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I am looking to understand what does it mean 32-bit and 64-bit with the below phrase : 1- x86 Platform Edition 32-bit and x86 Platform Edition 64-bit---for Linux or Unix ...
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  1. #1
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    x86 Platform Edition 32-bit and x86 Platform Edition 64-bit


    I am looking to understand what does it mean 32-bit and 64-bit with the below phrase :

    1- x86 Platform Edition 32-bit and x86 Platform Edition 64-bit---for Linux or Unix

    2- Is number 1 different form (64-bit) and (32-bit) in Windows OS ?

    For instance I read on the net :

    ((Windows Server 2003, Enterprise Edition 64-bit and Windows Server 2003, Enterprise Edition 32-bit))

  2. #2
    Linux Guru techieMoe's Avatar
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    The best I can guess, since X86_64 (AMD64/EM64T) are technically still part of the X86 platform, then the "X86 Platform 64-bit" is referring to the 64-bit AMD64 and Intel EM64T, whereas the "X86 Platform 32-bit" refers to all other standard 32-bit CPUs.
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  3. #3
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    64-bit systems are, in theory faster, but so far, not that much difference

    Hardly any apps for *nix that will utilise it, or windows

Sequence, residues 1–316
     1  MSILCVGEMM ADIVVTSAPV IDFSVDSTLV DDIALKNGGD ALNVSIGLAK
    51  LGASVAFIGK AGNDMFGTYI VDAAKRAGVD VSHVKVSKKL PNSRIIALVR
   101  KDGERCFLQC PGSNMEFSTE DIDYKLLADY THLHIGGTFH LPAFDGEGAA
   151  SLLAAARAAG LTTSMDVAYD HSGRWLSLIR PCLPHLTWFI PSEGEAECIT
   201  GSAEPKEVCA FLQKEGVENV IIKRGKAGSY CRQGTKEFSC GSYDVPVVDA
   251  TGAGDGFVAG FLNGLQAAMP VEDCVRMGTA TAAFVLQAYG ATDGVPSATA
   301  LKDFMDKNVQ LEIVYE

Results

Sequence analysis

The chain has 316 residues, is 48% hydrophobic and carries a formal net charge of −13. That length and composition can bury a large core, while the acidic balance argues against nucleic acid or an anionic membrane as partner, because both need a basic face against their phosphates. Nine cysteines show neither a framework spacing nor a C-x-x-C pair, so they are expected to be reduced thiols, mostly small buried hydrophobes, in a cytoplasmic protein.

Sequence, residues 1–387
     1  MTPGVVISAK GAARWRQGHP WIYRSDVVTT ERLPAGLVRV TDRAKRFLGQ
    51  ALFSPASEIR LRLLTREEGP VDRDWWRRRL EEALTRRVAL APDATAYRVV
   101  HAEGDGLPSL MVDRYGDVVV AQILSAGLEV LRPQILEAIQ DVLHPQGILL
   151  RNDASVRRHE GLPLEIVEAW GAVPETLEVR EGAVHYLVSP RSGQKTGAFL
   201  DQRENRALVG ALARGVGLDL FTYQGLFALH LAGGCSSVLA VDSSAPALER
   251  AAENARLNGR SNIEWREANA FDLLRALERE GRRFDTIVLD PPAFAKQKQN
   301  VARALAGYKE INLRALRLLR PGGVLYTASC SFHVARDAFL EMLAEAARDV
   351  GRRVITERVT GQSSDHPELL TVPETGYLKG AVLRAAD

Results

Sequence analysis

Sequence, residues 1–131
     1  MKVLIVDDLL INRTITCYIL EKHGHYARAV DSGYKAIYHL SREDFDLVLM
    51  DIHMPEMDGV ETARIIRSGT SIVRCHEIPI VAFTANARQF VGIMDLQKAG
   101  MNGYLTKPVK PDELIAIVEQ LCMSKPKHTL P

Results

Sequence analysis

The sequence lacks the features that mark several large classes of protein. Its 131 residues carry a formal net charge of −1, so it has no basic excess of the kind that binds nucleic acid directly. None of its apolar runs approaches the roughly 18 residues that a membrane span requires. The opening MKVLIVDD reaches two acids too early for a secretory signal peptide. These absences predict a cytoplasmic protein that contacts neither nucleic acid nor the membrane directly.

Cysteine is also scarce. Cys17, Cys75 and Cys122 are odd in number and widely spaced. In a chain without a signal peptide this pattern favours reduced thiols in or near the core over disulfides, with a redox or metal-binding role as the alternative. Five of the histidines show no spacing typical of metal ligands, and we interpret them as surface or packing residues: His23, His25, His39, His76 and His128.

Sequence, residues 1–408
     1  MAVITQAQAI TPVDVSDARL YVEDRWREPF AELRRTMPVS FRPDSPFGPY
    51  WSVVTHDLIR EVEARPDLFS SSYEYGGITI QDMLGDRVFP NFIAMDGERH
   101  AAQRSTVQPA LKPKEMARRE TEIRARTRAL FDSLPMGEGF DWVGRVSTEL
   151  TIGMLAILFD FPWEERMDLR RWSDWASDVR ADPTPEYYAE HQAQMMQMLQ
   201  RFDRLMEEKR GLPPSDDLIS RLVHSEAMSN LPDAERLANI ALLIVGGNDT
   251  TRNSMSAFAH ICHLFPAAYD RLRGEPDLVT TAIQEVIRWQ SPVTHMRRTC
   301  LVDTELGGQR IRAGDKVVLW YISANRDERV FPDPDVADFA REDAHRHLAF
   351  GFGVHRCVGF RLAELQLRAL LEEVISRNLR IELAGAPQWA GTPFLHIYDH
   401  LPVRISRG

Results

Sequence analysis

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  5. #4
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    Because when I want to download Unix or Linux, there is option for 32 bit or 64 bit,,,,doe that mean I can download what ever I would like?

  6. #5
    Linux Guru techieMoe's Avatar
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    Quote Originally Posted by zillah
    Because when I want to download Unix or Linux, there is option for 32 bit or 64 bit,,,,doe that mean I can download what ever I would like?
    What processor are you going to use the software on? That determines which one you download. You cannot run the 64-bit version on a regular 32-bit CPU.
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  7. #6
    ket
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    64 bits don't necessarily mean it will be faster. It really depends on the port and how extensively the OS has been optimized to take advantage of the bigger address space. A straight port from 32 to 64 bits only mean that the software will run without problems with the bigger address space.


    http://www.alllinuxcd.com

  8. #7
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    Quote Originally Posted by techieMoe
    The best I can guess, since X86_64 (AMD64/EM64T) are technically still part of the X86 platform, then the "X86 Platform 64-bit" is referring to the 64-bit AMD64 and Intel EM64T, whereas the "X86 Platform 32-bit" refers to all other standard 32-bit CPUs.
    Note that under linux u've got two options: pure 64 whithout any lib32 (so that u cant have java and OOo) usually x86_64-64 and the multilib version that most of us use (I'm on a 64 bits plateform).
    Zillah, if u don't know which processor u got type:
    Code:
    # cat /proc/cpuinfo
    processor       : 0
    vendor_id       : AuthenticAMD
    cpu family      : 15
    model           : 4
    model name      : AMD Athlon(tm) 64 Processor 3200+
    Here is the result on my laptop. I suppose that under windows u could have this information through the configuration panel.

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